“Telling It Like It Is” — That’s Chris Christie’s campaign slogan, revealed the day before he formally announced his candidacy for president. It’s meant to evoke his brash persona, which is the biggest advantage he has in a crowded GOP field.
Christie is the 14th Republican candidate to announce, and is not expected to be the last. But with trailing poll numbers and an iffy record in New Jersey, where he is in his sixth year as governor, he will be a hard sell for GOP primary voters. It makes sense, then, that his announcement speech Tuesday morning touted bombast over bonafides, rhetoric over record, and a promise of a clean campaign that runs contrary to everything we know about the bellicose, secretive governor.
His speech opened with “We Weren’t Born to Follow” by Jersey rockers Bon Jovi, whose blue-collar, hard-won affirmations provided a fitting soundtrack to the event. (The announcement closed with “Who Says You Can’t Go Home?” by the same group.) Christie’s address was rooted in his humble origins, beginning with his choice of venue — the gymnasium of Livingston High School, from which he graduated in 1980 — and segued to his family history: a tale of blue-collar success and the American Dream realized, with Christie himself embodying the dreams of his parents and grandparents.
As in interviews he’s given, he was light on policy and the specifics of his accomplishments as governor. He mentioned “reforming tenure” and “reforming pensions and health benefits,” but didn’t delve into details, possibly because he has a messy and contentious track record on the subject. Other than a line about fixing the country’s “broken entitlement system” and “encouraging businesses to invest in America again” through deregulation, he didn’t say much about what his platform would be. (He may not have much to say, period, other than the word “reform.”)
What he did play up was his persona — imperious, truth-telling, no-nonsense Christie, who tells it like it is and has the ability to work with the other side to get things done.
“Both parties have failed our country,” he said, his voice rising. “Somehow now ‘compromise’ is a dirty word. If Washington and Adams and Jefferson believed compromise was a dirty word, we’d still be under the crown of England.”
Befitting the high-school setting, he drew parallels to high-school concerns — namely, popularity contests. He said that he was not running for prom king, and that respect was more important than love. “I am not looking to be the most popular guy who looks in your eyes every day and says what you want to hear,” only to turn around and do something else, he said.
And yet his critics allege that he’s done exactly that – on pension reform and gun legislation, Christie has shifted, backflipped, and outright lied, and always managed to modulate his style of confrontation and candor — to suit whatever position was most expedient at the time.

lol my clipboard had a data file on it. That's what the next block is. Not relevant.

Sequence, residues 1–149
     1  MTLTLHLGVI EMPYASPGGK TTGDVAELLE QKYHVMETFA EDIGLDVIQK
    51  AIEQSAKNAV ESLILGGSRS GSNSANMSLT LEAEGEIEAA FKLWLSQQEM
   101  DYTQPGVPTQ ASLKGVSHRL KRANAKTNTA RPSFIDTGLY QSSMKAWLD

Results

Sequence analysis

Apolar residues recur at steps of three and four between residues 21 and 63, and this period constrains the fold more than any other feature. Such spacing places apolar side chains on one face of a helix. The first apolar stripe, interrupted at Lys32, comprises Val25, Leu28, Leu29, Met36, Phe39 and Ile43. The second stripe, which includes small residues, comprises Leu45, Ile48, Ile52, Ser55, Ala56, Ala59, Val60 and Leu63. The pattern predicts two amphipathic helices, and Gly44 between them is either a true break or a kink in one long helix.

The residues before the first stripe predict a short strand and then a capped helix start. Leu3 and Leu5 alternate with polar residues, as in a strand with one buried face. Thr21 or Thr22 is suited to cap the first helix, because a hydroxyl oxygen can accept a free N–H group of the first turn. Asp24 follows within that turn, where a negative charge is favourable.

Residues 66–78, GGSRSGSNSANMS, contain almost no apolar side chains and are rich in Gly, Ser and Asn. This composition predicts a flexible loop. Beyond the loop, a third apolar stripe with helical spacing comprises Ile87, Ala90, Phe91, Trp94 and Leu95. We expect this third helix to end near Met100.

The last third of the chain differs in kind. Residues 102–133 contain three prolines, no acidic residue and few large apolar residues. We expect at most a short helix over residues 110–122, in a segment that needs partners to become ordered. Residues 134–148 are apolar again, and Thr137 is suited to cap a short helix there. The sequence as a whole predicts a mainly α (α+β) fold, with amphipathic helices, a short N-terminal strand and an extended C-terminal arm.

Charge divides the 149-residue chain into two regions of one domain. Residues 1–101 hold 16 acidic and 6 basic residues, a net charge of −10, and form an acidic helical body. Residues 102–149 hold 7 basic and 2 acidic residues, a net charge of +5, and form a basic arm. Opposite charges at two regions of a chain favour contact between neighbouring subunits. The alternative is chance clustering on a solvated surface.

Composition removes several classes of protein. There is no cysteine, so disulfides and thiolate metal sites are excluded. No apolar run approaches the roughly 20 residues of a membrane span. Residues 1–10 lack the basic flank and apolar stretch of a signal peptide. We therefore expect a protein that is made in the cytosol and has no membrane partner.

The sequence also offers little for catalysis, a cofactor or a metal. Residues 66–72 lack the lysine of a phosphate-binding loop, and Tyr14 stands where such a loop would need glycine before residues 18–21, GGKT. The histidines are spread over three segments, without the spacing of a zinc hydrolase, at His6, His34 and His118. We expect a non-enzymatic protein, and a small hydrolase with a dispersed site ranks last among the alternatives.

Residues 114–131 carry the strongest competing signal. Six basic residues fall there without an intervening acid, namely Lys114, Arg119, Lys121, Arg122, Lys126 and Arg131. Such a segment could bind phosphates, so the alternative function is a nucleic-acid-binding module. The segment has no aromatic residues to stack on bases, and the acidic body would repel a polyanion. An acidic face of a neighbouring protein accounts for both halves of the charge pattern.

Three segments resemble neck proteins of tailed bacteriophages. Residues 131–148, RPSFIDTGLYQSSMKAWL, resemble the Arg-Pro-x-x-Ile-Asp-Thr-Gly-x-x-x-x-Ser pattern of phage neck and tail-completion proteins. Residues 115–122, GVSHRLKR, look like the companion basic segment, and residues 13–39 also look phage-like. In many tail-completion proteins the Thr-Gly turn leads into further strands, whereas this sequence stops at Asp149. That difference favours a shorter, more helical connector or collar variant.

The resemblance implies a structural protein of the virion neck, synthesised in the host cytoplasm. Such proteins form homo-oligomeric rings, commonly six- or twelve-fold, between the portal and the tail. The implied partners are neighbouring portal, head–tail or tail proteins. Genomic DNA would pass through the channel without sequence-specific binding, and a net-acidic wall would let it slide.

His pledge to run a campaign that wouldn’t “tear people down,” is quite a leap for a man who is widely known for his humorous, often nasty takedowns of others – YouTube is littered with videos of him calling out those who criticize him or ask what he thinks are silly questions, calling them “idiots” or “stupid” or worse.
And when he’s not belittling those asking the questions, Christie has been known to simply not answer them.
He promised a campaign free of pandering, spin, or focus group-tested answers: “You get what I think whether you like it or not or whether it makes you cringe every once in a while. A campaign when I’m asked a question, I will give the answer to the question asked, not the answer my political consultants told me to get backstage.”
Christie’s bravado about not being run by political operatives belies the fact that he’s a career politician who obviously knows how the game is played.
“I mean what I say and I say what I mean – that’s what America needs right now,” he said in his closing remarks. He promised to be the kind of candidate who would be open – in his eyes, heart, ears, and mind. Ironic, since his administration isn’t known to be forthcoming, and it’s hard to imagine that as president he’d be any more “open” than he is now.
Surrounded by supporters, against the backdrop of the American flag, and flanked by his family, Christie choked up as he recounted why he does what he does: “I wake up every morning knowing that I have an opportunity to do something great. That’s why this job is a great job and that’s why the president of the United States is an even greater job.”
Photo: Chris Christie at Livingston High School in Livingston, New Jersey, the morning he announced he was running for president. Screen capture via ChrisChristie.com
Copyright 2015 The National Memo